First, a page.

The Cavs will never run; and Okur has a new move

By Jason Wojciechowski on November 6, 2009 at 5:50 PM

Carried on by waves of depression, anxiety, and frustration that are slowly turning toward anger, combined with worries that all of this nonsense is going to run my Fun Fun Fun Fest, yesterday's NBA action, which was just the two TNT games, both of which I sorta watched.

Bulls 86, Cavs 85: Cleveland has a major size advantage against almost anyone, and the mostly undersized Bulls are no exception: Taj Gibson, Joakim Noah, and Brad Miller can't match the height and strength of Big Z, Shaq, and Varejao, not to mention LeBron's ridiculous size and strength for his position. Of course, the score is up there in bold, so you already know that all of that didn't matter. The Bull bench outscored Cleveland's 25-12, helped along by Big Z's putrid 0-9 shooting, despite six offensive rebounds. Charles Barkley and Chris Webber said on the halftime show that playing Z and Shaq at the same time was flat-out dumb, and I have to agree. Z isn't Pau -- he can't play power forward. He has a nice outside shot for a big man, but he's much too slow to hang with power forwards defensively, and power forwards are exactly who can guard him on the outside. And if he tries to go inside, now you've got both him and Shaq down low and there's no room for LeBron to make those powerful cuts he's so good at.

Chuck wants the team to speed up, and as he acknowledged last night, he's been saying it for three years now. The problem is that the team has now been built to slow down. It would have been one thing to tell Z that he was going to play less and have Varejao running around as the center. Now you've got both Z and Shaq, not to mention Anthony Parker, who's not particularly slow, but he's not blessed with athleticism and giddyup, either. So it's time to stop asking Mike Brown to speed up, because that's just not going to happen. Brown wants to slow it down and have a stout defense, in the style of Boston. He's been given the players to do this, and we'll see how far it goes. You already know what I think is going to happen: I'm counting on a "shocking" second-round playoff exit, followed by LeBron exiting to New York. (If the Cavs somehow end up better than this and make the Finals, I think he'll stay in Cleveland. If they make the conference finals but get knocked out again? I don't know. I'd lean toward him leaving.)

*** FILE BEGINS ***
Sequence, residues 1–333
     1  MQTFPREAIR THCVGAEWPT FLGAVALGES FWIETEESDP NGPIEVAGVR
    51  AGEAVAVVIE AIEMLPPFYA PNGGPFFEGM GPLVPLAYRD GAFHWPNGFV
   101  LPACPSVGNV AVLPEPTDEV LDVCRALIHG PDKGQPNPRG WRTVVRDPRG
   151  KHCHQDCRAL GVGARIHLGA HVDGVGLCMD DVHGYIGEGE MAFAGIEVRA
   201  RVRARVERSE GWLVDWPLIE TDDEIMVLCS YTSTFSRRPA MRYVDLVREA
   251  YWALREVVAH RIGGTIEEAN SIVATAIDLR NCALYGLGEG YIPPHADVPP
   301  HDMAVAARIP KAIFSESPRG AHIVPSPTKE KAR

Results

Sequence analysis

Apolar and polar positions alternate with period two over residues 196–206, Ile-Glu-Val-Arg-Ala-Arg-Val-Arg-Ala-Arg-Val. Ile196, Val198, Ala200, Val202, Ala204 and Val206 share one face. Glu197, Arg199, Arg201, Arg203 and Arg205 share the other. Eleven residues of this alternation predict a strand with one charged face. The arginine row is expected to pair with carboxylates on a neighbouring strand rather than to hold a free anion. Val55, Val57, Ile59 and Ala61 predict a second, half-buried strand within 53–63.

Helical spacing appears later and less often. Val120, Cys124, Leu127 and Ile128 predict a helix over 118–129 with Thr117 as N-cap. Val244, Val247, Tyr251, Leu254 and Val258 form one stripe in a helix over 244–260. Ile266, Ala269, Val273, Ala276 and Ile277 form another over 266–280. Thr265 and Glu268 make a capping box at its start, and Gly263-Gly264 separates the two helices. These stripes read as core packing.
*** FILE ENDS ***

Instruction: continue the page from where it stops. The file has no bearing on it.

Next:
Spurs 99, Jazz 113: Carlos Boozer got booed by the home fans, and they weren't saying "Booooooozer" either. He shut them up with a 27/14 effort, though. The Jazz just couldn't be stopped on offense, shooting 53% while only taking seven threes.

Mehmet Okur, by the way, has developed an up-and-under move that, until defenses figure it out and start guarding it, could be really profitable for him. He takes an advantage of the fact that defenders basically only guard his jump shot by faking a turn-around and pivoting around his man for a (relatively) easy shot moving toward the basket. It's the kind of move that Kobe added a few years ago, although Okur's size and length means he can execute it from farther away and still get a relatively close shot out of it.